I had heard that the Andaman Islands were “insanely exotic,” but my experience there was more like uncovering a “rare time capsule,” said Tony Perrottet in Condé Nast Traveler. The archipelago in the Bay of Bengal is the “least-known, least-populated, and least-visited corner of that sprawling cabinet of wonders, India.” These tiny specks of tropical paradise were actually closed to foreigners until 1995, and even today, only 38 of the 550 islands are open to tourists. In all, 90 percent of the Andamans are protected as national parkland or tribal reserves for the native inhabitants—four tribes among the most isolated on earth. This “place of unearthly perfection, where crabs climb trees, elephants swim, and man has barely left his mark,” would soon be mine to explore.
Shortly after landing in the old colonial capital of Port Blair, I was sunning myself atop a ferry en route to Havelock Island. Though the most visited of the islands, Havelock is still “homespun, small-scale, and personal, like an Indian version of Hemingway’s Key West.” This is a place where the local fishermen double as tour guides and wildlife outnumbers humans. Robber crabs—the world’s largest—climb trees and carry coconuts home to eat. King cobras devour their dinners in the bushes. A 12,000-pound pachyderm, known as Rajan, swims in the bathwater-warm Indian Ocean, using his trunk like a “giant snorkel” as he drifts weightlessly through the waves.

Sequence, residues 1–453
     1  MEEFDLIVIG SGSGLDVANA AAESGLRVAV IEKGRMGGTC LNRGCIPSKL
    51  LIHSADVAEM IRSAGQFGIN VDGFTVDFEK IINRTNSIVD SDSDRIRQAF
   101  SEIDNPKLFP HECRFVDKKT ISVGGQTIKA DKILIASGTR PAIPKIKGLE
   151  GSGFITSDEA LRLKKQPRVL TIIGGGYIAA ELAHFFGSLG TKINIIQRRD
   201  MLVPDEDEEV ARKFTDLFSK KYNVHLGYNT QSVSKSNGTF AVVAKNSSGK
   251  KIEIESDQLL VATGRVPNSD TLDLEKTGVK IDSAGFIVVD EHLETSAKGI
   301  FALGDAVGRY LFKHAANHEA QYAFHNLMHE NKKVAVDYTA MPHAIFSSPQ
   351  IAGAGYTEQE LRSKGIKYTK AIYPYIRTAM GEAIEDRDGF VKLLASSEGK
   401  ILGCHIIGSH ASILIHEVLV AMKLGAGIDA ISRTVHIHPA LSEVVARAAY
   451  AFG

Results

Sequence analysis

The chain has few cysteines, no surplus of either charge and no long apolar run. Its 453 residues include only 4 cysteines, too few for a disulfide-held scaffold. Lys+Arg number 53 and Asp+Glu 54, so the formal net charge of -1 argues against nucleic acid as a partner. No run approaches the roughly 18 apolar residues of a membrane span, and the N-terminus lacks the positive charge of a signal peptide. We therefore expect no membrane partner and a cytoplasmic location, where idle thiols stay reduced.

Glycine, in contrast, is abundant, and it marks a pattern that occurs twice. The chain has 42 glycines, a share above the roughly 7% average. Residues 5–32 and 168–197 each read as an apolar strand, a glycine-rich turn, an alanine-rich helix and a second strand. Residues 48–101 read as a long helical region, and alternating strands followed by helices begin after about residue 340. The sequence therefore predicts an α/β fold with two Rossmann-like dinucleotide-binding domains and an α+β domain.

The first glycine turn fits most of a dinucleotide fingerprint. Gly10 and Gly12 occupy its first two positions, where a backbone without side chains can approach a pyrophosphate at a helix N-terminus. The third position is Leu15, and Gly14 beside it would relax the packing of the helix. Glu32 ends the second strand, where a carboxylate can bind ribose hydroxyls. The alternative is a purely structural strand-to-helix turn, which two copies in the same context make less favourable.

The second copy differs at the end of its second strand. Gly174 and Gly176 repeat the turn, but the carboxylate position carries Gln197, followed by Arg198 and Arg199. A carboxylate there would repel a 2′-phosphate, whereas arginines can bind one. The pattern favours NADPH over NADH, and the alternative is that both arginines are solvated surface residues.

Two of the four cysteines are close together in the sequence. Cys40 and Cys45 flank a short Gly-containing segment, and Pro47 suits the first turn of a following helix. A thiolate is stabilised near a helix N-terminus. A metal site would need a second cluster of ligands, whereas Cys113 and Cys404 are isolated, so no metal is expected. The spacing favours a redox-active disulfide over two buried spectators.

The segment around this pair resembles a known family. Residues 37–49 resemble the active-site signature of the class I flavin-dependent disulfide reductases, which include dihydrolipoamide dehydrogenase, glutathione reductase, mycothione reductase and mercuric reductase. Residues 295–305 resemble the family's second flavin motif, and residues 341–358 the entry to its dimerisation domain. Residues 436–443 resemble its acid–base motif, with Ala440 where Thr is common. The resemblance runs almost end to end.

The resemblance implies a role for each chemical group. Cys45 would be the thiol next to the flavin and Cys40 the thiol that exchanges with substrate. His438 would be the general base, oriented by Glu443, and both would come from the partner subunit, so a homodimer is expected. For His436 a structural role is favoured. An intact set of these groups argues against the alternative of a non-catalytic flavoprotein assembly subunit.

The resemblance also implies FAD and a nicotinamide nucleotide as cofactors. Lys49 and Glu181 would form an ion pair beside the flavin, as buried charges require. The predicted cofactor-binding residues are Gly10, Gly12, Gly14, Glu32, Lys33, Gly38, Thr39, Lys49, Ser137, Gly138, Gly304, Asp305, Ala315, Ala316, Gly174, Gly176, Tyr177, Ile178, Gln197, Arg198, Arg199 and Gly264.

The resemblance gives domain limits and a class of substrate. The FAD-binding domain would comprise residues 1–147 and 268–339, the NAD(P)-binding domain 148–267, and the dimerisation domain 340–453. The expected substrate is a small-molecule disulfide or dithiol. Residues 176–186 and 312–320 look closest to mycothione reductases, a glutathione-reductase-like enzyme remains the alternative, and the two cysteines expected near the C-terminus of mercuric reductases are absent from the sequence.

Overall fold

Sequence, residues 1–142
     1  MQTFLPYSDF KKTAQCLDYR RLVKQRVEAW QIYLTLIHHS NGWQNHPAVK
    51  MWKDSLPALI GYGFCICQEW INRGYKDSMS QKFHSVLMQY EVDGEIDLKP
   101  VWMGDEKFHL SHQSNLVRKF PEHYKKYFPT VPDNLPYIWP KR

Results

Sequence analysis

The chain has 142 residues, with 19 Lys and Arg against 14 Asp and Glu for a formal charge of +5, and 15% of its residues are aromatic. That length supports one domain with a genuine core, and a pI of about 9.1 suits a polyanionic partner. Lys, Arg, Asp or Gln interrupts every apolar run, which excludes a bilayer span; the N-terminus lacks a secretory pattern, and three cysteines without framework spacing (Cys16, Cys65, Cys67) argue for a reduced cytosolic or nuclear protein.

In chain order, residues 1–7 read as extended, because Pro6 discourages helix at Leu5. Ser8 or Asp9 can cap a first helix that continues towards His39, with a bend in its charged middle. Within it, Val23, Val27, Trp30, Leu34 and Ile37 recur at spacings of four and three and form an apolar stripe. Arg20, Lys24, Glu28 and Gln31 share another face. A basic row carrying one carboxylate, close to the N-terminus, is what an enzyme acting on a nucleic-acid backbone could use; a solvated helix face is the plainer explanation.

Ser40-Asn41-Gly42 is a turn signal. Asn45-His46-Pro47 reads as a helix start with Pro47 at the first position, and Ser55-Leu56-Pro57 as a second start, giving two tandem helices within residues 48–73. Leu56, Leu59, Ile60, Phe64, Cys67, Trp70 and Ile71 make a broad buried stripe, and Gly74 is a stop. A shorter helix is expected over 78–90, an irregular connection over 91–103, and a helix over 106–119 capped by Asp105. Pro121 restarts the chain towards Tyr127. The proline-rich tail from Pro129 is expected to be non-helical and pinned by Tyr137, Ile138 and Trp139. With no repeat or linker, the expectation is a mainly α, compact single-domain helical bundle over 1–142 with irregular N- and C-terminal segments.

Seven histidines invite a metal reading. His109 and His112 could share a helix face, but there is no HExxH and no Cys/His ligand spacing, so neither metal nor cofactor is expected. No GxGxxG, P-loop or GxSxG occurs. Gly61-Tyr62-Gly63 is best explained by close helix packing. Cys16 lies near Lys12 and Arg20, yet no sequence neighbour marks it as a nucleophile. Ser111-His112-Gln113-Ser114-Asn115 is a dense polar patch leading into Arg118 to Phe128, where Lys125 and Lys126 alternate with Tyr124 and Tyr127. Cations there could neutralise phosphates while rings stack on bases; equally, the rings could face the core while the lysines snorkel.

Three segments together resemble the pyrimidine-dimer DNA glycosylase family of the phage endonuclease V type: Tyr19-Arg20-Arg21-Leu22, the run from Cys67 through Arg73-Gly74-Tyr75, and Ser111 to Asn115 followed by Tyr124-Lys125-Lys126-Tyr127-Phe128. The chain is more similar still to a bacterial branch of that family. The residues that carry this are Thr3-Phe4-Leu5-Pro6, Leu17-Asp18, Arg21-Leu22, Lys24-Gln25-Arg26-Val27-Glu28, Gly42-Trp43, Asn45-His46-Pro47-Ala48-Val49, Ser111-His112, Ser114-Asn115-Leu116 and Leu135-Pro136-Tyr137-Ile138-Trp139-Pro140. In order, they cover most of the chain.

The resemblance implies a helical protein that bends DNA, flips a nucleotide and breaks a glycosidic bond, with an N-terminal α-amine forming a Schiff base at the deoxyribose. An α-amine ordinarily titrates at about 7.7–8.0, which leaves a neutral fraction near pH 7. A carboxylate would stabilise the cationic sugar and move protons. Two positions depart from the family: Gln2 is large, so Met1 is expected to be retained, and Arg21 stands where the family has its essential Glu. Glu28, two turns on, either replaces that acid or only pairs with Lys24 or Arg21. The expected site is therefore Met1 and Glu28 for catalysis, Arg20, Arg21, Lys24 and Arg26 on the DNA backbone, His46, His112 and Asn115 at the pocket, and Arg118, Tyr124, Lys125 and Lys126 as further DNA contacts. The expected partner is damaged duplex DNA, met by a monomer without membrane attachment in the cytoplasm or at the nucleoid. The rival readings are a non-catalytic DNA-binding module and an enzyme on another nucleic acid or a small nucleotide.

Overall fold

It seemed as if things couldn’t get any more isolated, but I decided to indulge my “Crusoe island fantasy” with a three-day camping trip to the uninhabited islands just north of Havelock. In the mornings, my guide, a Karen tribesman, would wake me with a glass of chai, and I’d set off in a kayak just as the “sun erupted in a pink ball from the horizon.” It was here that I had my first and only encounter with indigenous Andamans. I was aboard a bus when a trio of Jarawa women, “naked except for fringes of string around their waists,” appeared on the road. They stared at the oncoming bus and then disappeared into the brush—a fitting end to my journey into the “ultimate tropical mystery.”
Subscribe to The Week
Escape your echo chamber. Get the facts behind the news, plus analysis from multiple perspectives.
Create an account with the same email registered to your subscription to unlock access.